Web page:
It was a cold night in March, 1941 when the passenger ship Zamzam slowly pulled away from her berth at Hoboken, New Jersey, and glided past the lighted Statue of Liberty. As she headed toward the open sea, many of her 201 passengers gathered on deck and spontaneously began singing Christian hymns. With hymn after hymn filling the crisp night air, the Zamzam began her final voyage.

Although World War II had begun, the war did not yet include the United States. The 142 Americans on the Zamzam felt no great danger. For one thing, the Zamzam had been promoted as a neutral ship, owned by Egypt. Furthermore, her unusual route suggested safety. To avoid war zones, the Zamzam would be traveling south by way of Trinidad Island; then make a stop at Brazil's coastal port of Recife; next follow a diagonal course across the South Atlantic to Capetown on the southern tip of Africa; then steam up Africa's east coast to Mombasa, Kenya; and finally head back to home port in Alexandria, Egypt.

The Zamzam's passenger list was rather unusual, too. The largest category was comprised of 144 missionaries, representing 20 Protestant denominations and also including 17 Catholic priests and teaching brothers. Another distinct group was the 24 members of the British-American Ambulance Corp, en route to North Africa for humanitarian purposes and bringing with them ambulances and other equipment. A third group was the six tobacconists from Wilson, North Carolina, headed for Southern Rhodesia. The remaining passengers were various businessmen or eager family members traveling to be reunited with loved ones in Africa. Among the varied other passengers were David E. Scherman, photographer for Life magazine, and Charles J. V. Murphy, editor of Fortune magazine. En route to Africa on assignment, they had boarded the Zamzam at Recife, Brazil.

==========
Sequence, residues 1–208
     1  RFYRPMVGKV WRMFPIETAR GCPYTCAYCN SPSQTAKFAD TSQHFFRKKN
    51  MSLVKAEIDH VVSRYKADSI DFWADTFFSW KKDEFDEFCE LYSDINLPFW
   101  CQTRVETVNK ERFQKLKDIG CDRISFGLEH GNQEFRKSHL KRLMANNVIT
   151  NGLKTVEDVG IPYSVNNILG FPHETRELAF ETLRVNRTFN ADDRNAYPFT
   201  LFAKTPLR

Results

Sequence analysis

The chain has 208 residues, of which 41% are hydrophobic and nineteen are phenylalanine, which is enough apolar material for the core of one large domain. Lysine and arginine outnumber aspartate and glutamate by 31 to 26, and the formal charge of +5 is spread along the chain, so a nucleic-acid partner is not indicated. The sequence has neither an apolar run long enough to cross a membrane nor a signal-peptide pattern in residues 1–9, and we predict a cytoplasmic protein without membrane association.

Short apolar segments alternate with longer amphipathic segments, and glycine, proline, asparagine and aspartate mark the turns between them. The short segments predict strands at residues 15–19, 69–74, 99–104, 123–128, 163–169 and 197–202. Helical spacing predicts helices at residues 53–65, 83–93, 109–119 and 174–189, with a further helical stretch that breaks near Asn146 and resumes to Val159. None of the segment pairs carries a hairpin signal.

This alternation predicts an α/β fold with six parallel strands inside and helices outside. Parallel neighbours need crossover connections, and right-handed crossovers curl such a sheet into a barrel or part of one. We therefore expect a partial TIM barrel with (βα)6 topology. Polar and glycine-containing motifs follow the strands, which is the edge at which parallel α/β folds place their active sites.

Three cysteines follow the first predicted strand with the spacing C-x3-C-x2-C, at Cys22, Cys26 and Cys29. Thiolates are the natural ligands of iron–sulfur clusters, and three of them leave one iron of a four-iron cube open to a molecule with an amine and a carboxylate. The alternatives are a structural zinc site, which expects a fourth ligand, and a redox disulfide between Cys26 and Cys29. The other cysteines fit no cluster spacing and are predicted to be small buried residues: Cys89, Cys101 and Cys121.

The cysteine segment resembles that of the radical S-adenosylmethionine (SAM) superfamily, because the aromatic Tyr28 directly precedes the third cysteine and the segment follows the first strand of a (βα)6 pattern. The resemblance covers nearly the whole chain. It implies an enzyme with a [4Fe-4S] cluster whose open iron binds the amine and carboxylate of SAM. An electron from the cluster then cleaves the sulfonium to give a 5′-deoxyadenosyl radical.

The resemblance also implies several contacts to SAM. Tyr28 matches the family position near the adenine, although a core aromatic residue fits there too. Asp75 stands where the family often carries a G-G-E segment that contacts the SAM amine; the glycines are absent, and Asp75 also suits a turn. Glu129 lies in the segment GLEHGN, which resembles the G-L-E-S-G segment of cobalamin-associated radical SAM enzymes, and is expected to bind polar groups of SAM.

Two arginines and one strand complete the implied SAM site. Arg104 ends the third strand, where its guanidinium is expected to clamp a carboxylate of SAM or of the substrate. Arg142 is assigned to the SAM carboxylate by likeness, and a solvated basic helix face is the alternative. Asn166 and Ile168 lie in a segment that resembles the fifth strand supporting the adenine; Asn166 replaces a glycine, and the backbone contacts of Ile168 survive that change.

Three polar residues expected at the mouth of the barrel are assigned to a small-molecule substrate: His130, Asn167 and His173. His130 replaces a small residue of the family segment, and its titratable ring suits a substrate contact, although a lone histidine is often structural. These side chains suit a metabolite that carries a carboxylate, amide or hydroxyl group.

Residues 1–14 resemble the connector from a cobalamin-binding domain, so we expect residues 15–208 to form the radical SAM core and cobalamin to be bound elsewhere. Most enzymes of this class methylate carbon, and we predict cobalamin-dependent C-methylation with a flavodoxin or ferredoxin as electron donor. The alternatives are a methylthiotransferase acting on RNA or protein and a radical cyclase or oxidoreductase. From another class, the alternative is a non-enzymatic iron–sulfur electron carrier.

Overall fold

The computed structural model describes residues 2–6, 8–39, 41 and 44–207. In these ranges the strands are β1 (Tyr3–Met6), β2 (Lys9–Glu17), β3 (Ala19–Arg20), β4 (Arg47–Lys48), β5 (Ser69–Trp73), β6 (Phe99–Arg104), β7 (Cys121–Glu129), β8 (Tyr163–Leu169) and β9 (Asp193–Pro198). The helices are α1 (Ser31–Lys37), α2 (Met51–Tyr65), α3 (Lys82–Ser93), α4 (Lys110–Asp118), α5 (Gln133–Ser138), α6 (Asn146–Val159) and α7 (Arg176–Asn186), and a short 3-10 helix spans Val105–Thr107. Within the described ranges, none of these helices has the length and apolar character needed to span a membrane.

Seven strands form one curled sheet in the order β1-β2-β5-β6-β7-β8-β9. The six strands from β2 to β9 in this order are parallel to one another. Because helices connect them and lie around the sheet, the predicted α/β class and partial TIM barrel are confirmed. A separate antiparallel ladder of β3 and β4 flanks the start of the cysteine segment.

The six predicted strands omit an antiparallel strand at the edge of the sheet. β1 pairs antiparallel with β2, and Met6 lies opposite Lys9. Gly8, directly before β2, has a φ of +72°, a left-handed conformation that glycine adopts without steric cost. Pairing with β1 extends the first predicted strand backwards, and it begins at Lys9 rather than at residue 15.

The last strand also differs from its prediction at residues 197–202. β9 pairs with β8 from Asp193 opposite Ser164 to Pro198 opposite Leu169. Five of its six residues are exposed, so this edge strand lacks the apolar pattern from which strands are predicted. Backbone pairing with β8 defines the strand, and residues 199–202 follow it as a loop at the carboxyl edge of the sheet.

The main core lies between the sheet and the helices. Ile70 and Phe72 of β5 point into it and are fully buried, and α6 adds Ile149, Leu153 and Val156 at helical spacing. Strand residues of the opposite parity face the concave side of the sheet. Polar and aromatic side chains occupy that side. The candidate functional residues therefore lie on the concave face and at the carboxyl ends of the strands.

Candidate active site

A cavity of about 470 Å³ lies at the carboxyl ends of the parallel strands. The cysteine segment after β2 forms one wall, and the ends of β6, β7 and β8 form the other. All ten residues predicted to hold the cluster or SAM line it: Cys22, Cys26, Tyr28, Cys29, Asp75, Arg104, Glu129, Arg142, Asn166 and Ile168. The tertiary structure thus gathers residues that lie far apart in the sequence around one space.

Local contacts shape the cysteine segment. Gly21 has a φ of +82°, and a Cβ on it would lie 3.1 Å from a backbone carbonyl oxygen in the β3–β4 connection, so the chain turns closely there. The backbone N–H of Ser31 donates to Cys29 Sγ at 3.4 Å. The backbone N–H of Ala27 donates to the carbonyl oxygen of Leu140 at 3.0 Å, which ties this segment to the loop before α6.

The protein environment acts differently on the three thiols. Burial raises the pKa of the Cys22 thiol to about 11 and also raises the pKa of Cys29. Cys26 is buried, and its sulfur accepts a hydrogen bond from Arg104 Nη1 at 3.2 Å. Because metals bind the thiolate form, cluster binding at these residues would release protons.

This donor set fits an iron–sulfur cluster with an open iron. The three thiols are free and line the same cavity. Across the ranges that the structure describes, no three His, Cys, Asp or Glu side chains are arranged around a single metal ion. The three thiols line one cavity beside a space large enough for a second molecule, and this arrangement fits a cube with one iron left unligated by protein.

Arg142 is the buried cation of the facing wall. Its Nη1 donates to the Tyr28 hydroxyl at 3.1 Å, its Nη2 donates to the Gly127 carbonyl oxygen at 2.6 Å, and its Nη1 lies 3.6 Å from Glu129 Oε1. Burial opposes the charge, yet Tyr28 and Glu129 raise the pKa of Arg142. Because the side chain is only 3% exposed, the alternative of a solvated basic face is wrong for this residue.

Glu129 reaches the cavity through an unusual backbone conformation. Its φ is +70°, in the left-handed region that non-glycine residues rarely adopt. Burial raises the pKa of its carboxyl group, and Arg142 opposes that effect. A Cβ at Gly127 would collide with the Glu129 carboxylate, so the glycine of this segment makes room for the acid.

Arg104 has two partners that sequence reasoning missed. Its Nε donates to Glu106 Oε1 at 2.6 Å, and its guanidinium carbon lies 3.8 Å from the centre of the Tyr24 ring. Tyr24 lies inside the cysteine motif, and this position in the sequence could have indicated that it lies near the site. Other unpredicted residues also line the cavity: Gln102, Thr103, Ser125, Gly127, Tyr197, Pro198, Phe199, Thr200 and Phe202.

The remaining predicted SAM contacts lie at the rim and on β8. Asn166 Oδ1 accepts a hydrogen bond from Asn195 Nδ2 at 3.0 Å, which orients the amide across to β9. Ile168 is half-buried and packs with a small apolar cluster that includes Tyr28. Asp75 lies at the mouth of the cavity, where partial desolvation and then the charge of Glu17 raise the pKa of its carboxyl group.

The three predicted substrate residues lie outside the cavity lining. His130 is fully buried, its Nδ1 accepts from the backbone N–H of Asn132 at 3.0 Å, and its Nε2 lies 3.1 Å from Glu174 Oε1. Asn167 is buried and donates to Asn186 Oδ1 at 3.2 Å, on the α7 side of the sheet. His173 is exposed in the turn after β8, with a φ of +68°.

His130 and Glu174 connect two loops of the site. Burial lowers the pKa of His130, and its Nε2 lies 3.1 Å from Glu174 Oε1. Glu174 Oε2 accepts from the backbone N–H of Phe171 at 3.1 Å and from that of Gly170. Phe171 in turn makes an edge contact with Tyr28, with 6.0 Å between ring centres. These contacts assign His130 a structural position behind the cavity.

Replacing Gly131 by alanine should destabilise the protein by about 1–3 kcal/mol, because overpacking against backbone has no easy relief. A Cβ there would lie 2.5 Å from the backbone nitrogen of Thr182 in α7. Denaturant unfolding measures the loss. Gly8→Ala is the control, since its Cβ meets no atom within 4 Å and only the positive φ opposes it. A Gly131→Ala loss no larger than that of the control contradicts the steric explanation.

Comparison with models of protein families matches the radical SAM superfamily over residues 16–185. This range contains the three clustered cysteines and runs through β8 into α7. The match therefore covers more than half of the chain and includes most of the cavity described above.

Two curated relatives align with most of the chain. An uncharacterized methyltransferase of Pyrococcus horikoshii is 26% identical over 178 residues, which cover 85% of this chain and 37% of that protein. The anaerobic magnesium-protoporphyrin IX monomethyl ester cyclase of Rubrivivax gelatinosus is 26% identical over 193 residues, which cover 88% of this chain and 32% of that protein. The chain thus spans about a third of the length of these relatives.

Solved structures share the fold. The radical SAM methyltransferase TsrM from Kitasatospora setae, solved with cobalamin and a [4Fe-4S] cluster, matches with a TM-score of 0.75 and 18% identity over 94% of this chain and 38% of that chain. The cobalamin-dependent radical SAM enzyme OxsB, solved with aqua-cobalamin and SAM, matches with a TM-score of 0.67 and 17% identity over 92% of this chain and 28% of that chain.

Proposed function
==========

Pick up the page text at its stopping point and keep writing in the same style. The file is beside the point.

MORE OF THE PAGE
Not to be overlooked in this unusual mix of passengers is the fact that it included 33 children, some only babes and toddlers. Five of the women were pregnant. Indeed, the Zamzam's passengers were not the ordinary. As for her crew, they were mostly Egyptian, headed by British officers.

With an air of eagerness and confidence, the Zamzam's crew and passengers had sailed south from the New York area that night of March 20, 1941. A few days later, however, innocence was shattered and hope was diminished as portholes and glass surfaces to the outside of the ship were painted black. In addition, no light in any form was to be allowed on deck, not even to light a cigarette. The Zamzam was now traveling in strictest black-out.

No amount of protests by the passengers could undo this new and frightening reality. Maybe the Zamzam was not such a safe, neutral ship, after all. For some, talk turned to practical measures of readiness in case the Zamzam was attacked. Even children made plans. The older boys, for example, figured out how they would rescue the chocolate candy bars in the commissary. Generally, it can be said that traveling in black-out deepened a sense of trust in God, knowing He has promised to be with His children even in the deep waters and dark moments of life.

And so, in total darkness, as if hiding from an enemy, the Zamzam left Recife, Brazil, on April 9, 1941, and began the long south-easterly voyage across the South Atlantic Ocean. Little did the Zamzam officers know that the Germans had been watching, lurking in the waters nearby, waiting for the right moment to attack.

That moment arrived at dawn on April 17 when the notorious German raider Atlantis, using the name Tamesis, attacked the Zamzam.